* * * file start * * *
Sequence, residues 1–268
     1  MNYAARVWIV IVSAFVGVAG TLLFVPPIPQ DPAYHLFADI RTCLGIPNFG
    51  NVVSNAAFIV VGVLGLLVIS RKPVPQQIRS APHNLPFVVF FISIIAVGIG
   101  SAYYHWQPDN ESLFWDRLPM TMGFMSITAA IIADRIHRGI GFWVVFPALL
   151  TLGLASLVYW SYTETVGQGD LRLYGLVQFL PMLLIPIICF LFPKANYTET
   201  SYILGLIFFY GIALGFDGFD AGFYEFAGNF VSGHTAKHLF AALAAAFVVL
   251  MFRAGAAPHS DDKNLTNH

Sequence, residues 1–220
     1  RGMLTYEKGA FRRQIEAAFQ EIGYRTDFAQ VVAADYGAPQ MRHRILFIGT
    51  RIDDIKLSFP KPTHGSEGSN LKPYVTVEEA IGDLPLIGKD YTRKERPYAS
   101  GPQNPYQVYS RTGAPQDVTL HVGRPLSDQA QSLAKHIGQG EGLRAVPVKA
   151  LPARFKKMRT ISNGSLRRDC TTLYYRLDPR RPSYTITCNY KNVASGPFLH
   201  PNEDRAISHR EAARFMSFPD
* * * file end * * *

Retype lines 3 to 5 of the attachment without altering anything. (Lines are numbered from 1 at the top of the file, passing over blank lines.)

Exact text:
    51  NVVSNAAFIV VGVLGLLVIS RKPVPQQIRS APHNLPFVVF FISIIAVGIG
   101  SAYYHWQPDN ESLFWDRLPM TMGFMSITAA IIADRIHRGI GFWVVFPALL
   151  TLGLASLVYW SYTETVGQGD LRLYGLVQFL PMLLIPIICF LFPKANYTET